One of the most important aspects of a healthy relationship is communication. When both partners understand how to communicate properly, they feel loved, connected and secure. But when effective communication is lacking, both people can become defensive, and the relationship can be mired down in distrust, misunderstanding and resentments.
When couples are hitting rock bottom, it’s important they relearn critical communication skills, primarily how to listen to their partner.
If you find you and your partner are struggling in understanding each other, below are three essential listening skills that can help improve your communication.
Validate Your Partner’s Feelings
To validate your partner means to understand what they are saying and feeling from their point of view. This does not mean you have to agree with them. It simply means you can see their point.
When responding to something they said, you can validate them by saying something like, “That makes sense because…” or “I can see how you might think or feel…”
You may not always understand your partner’s point of view. In these instances, it’s helpful to ask for more information in a way that is positive and inviting, not negative or defensive. This could sound like “Can you tell me more about…” instead of “I don’t understand what you mean.”
Mirror Their Own Words
This exercise will require you to reflect or “mirror” everything your partner is saying in their own words. Yes, it can feel a bit awkward at first, but it is an incredibly effective technique.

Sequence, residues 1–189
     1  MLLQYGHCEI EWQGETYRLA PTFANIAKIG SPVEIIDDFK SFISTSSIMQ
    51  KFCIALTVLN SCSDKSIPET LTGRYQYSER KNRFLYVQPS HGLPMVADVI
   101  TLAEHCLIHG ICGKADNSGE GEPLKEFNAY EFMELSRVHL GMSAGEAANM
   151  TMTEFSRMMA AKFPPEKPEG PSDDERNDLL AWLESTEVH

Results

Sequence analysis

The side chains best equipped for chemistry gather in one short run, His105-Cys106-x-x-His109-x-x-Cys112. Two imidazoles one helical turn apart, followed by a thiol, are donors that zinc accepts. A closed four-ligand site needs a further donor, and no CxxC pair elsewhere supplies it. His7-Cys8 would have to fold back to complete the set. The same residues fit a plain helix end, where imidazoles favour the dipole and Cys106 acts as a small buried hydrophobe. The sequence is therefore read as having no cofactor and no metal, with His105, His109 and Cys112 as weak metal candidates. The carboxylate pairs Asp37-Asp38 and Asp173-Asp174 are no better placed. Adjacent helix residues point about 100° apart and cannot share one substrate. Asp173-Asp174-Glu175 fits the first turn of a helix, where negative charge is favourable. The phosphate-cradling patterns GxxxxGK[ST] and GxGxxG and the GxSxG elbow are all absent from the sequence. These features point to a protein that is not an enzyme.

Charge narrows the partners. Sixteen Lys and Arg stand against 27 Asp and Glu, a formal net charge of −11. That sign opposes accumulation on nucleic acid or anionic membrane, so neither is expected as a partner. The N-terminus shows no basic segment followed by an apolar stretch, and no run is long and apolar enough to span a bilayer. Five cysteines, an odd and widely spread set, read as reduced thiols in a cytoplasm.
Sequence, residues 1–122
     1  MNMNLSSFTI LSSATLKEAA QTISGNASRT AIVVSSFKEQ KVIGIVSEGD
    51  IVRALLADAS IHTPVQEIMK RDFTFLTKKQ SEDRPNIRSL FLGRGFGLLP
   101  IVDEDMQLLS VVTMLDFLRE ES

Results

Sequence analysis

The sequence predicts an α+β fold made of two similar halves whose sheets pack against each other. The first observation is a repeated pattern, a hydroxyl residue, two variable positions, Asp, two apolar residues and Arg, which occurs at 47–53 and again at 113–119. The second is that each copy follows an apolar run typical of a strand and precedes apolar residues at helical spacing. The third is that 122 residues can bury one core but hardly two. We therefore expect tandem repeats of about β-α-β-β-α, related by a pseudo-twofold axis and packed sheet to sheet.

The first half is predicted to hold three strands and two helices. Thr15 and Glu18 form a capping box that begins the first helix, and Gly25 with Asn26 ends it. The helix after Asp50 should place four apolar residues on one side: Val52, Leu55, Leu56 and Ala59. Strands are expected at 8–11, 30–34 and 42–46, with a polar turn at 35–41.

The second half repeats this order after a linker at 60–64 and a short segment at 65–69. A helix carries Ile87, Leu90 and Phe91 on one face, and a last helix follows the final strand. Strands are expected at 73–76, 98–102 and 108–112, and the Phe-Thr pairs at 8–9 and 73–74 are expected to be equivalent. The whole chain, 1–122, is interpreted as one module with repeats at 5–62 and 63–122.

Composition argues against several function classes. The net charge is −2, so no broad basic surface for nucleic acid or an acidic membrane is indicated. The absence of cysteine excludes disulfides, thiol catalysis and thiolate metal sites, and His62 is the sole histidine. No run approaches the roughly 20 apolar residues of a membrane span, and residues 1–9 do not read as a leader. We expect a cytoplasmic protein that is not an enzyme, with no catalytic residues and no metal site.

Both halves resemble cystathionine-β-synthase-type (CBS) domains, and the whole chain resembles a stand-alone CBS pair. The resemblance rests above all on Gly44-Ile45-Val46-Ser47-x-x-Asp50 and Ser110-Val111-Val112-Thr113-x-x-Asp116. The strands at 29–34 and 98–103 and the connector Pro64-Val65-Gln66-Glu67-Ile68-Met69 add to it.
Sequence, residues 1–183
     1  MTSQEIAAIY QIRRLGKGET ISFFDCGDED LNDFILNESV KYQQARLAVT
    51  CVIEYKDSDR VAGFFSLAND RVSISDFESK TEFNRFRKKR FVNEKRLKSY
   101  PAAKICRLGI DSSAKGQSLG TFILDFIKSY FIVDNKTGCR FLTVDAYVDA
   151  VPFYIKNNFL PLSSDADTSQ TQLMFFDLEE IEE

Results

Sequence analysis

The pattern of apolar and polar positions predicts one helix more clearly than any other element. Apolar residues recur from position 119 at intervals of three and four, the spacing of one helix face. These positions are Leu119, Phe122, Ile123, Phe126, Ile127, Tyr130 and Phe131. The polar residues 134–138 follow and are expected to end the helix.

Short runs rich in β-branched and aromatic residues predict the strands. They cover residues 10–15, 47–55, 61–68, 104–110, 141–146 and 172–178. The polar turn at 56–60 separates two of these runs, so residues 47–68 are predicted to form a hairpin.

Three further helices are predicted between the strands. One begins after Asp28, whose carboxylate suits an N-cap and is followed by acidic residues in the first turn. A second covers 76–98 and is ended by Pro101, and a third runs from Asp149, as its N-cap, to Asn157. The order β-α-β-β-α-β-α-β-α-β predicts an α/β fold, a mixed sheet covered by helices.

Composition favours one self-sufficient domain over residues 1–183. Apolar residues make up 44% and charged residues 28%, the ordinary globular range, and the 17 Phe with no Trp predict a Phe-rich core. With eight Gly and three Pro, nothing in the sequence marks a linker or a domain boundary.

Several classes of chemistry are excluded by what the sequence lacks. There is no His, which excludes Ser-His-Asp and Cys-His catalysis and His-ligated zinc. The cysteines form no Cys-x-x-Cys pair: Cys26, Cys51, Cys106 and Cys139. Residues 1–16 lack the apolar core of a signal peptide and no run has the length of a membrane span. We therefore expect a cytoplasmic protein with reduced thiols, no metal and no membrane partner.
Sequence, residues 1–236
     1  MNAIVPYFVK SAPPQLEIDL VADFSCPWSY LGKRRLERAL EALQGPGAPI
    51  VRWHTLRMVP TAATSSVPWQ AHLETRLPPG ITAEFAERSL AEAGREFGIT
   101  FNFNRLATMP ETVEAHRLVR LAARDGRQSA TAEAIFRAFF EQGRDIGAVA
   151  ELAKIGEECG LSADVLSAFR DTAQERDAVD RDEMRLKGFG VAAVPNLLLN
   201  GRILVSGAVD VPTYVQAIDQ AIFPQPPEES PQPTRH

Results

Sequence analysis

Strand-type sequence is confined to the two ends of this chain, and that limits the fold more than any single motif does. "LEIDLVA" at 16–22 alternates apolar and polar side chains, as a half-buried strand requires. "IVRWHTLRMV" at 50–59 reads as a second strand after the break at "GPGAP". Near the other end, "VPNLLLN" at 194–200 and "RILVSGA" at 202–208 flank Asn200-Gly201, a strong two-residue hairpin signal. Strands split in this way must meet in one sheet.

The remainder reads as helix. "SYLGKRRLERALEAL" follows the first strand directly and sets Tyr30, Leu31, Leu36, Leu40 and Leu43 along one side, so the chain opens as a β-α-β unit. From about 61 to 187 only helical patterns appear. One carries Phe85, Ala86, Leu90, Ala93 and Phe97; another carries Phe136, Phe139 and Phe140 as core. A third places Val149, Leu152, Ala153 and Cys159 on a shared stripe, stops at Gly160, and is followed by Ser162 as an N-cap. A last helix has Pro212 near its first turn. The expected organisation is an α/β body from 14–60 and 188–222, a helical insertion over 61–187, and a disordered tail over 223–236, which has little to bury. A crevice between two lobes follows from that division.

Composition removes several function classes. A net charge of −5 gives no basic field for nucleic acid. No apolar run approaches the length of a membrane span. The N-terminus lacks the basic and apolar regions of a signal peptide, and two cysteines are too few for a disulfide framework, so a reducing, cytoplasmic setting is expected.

When you repeat what your partner has said, you may start your response with something like, “I hear you saying…” or “It sounds like what you’re saying is…”
By starting off with this type of language, it allows you to slow down, process what your partner is saying, and can make the entire exercise feel more comfortable.
The longer you practice this skill, the more you will actually hear what your partner says and understand how they feel.
Empathize With Your Partner
The final step to hearing your partner is recognizing the emotions they are experiencing in the moment. This will require you go deeper than thoughts and head into the vulnerable territory of feelings. You will want to use phrases like, “It sounds like you were feeling really upset when….” Or “I can imagine you felt hurt…”
Empathizing is extremely important because it shows your partner that how they feel matters to you.
Though it will take some time to get the hang of these new listening skills, the effort is worth it. And remember, when your partner practices these same skills, you will feel equally loved and respected!
Some couples may find they need a bit of help from a neutral third party. Couples therapy can provide a safe space for each partner to practice these listening skills. A trained therapist will be able to guide you and offer advice and adjustments.
If you and your partner are interested in exploring treatment, please contact me today. I would be happy to speak with you about how I may be able to help.
Chelsy A. Castro, JD, MA, AM, LCSW